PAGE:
Ostia Antica – where is the mosaic?

Friday, 8 August 2014

Lido di Ostia is the beach resort for Rome, it’s nothing special but convenient if you’re flying out of Rome Fiumicino, the main Rome airport. I had an early morning flight so I decided to stay there and have a look at Ostia Antica, it was the port for ancient Rome, but is now several km inland from the sea.

To license this image contact: Lonely Planet Images email: phone: 61 3 8379 8181▲ Maureen and visited Ostia Antica back in 1972, when we were on our way across Europe and Asia on the trip that led to Across Asia on the Cheap, the very first Lonely Planet guidebook. A Canadian traveller we were kicking around with on the day took this photo of us on a mosaic at Ostia Antica. They certainly wouldn’t let you sit on the mosaics today.

IMG_6757 - Ostia, ruins & Fiumicino flight 540▲ Today, flights regularly passing overhead showed just how close the ruins are to Fiumicino Airport.

IMG_6747 - Ostia, Plaza of the Guilds - 540▲ And there were lots of mosaics to admire, like this monochrome one, a shop illustration in the Plaza of the Guilds behind the Theatre. But where was the colourful mosaic from my 1972 photograph? It didn’t feature on any of the postcards on sale in the Ostia Antica shop, it didn’t appear in the modern guidebooks to the site. What had happened to it?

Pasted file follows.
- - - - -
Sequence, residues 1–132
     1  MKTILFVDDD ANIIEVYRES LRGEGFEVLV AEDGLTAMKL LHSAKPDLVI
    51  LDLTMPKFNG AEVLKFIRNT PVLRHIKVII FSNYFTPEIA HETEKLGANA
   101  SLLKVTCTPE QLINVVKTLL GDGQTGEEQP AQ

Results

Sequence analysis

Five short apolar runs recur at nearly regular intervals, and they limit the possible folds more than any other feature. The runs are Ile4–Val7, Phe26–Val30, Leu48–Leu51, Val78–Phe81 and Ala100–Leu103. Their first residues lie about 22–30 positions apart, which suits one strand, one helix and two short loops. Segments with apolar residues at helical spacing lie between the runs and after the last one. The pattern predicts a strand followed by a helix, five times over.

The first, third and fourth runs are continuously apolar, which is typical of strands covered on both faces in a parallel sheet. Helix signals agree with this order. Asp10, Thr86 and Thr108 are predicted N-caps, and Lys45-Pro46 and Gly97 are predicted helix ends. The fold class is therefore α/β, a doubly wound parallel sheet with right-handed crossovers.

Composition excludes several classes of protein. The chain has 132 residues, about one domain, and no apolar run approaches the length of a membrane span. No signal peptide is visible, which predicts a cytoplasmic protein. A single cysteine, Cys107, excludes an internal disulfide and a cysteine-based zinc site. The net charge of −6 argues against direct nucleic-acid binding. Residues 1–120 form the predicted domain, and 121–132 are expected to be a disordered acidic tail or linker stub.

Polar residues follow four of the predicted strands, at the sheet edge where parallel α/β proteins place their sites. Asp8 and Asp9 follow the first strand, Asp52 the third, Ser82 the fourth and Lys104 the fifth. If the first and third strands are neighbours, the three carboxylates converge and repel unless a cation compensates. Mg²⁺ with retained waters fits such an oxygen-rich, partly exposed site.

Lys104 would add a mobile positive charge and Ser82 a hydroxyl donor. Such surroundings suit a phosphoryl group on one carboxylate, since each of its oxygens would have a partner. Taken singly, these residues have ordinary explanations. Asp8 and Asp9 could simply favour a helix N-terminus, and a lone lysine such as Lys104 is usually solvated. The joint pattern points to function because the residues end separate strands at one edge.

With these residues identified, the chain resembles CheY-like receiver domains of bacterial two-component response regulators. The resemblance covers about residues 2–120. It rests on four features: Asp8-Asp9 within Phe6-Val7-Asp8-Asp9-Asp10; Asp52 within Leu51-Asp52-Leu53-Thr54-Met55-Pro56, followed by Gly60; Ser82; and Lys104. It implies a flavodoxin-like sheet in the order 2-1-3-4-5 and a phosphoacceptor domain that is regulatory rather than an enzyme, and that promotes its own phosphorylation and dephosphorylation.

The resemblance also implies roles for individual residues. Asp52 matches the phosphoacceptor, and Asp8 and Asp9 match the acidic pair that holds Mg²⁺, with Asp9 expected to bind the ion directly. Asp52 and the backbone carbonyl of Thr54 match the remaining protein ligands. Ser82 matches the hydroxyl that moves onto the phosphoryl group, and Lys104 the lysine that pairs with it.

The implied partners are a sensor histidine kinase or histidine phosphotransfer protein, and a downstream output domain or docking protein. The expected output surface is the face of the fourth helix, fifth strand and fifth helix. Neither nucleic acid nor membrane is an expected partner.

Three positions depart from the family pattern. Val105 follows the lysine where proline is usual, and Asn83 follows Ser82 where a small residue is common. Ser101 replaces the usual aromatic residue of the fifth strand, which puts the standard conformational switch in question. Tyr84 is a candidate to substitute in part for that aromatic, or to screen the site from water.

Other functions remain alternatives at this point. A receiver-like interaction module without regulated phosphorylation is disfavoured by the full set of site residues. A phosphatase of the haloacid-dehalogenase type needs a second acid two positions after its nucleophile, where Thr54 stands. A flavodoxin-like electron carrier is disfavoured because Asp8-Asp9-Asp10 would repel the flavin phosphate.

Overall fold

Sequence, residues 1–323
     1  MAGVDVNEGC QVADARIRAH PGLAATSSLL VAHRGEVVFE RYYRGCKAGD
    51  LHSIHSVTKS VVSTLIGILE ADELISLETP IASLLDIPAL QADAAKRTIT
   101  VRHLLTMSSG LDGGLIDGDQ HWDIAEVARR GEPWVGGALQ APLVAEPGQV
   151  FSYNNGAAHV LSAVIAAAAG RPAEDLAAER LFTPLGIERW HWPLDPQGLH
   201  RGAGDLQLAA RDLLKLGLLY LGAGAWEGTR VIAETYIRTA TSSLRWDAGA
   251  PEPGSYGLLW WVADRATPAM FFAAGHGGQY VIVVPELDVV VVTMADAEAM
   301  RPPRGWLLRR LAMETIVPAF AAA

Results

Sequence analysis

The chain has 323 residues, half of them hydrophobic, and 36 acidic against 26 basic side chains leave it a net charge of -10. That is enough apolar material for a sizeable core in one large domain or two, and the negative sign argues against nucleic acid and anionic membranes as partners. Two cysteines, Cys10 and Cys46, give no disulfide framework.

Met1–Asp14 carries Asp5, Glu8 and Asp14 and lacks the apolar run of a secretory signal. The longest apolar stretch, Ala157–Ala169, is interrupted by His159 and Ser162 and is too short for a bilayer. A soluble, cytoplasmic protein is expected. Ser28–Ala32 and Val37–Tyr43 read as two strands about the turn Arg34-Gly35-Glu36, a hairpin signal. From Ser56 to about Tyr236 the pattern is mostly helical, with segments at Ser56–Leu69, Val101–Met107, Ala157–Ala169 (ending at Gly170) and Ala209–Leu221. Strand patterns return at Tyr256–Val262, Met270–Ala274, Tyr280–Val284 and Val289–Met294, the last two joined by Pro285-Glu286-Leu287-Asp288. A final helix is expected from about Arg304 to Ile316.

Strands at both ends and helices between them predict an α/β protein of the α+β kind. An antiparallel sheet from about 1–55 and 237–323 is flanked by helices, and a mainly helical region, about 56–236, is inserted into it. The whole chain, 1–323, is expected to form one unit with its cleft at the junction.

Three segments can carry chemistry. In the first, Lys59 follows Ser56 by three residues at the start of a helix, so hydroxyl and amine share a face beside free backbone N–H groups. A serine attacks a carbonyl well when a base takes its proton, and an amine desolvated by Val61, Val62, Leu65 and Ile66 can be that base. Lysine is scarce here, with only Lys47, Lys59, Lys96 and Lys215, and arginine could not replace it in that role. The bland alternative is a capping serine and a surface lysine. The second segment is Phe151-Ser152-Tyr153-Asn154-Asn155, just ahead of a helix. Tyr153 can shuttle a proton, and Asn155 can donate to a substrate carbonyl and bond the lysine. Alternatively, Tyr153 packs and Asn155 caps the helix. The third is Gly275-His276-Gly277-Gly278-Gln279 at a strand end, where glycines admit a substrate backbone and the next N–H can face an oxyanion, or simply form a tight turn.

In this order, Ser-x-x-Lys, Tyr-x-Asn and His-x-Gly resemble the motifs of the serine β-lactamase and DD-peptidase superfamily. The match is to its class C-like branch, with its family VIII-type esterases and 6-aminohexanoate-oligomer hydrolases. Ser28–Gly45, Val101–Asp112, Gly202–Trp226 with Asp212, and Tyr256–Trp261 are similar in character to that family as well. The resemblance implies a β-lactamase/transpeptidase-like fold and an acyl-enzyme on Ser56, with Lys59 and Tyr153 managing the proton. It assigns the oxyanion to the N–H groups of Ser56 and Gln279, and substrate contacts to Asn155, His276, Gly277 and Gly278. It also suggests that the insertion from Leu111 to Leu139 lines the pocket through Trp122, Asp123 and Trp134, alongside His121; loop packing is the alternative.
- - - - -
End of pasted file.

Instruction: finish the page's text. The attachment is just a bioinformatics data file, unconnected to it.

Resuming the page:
IMG_6749 - Domus dei Dioscuri. Room I, Ostia - 540▲ Eventually I worked out the mosaic should be in the house known as the Domus dei Dioscuri, but when I found the house the mosaic was not there. I looked at every room in the house and eventually decided it must be hidden, covered with gravel in this room.

A report on the Domus dei Dioscuri which I later found on line reported that:

Room I was the main hall (10.00 x 10.50), also with a polychrome mosaic. We see Venus Anadiomene in a shell supported by two tritons, surrounded by Nereids on sea monsters. At the north side is the inscription PLVRA FACIATIS MELIORA DEDICETIS (“That you may do more and dedicate better things!”). Parallels for the inscription have been found in North Africa.

Yes, Room I was indeed the gravel covered room where I’d decided the mosaic must be hidden, but why? Was I just lucky, back in 1972, to see something which today is hidden from visitors?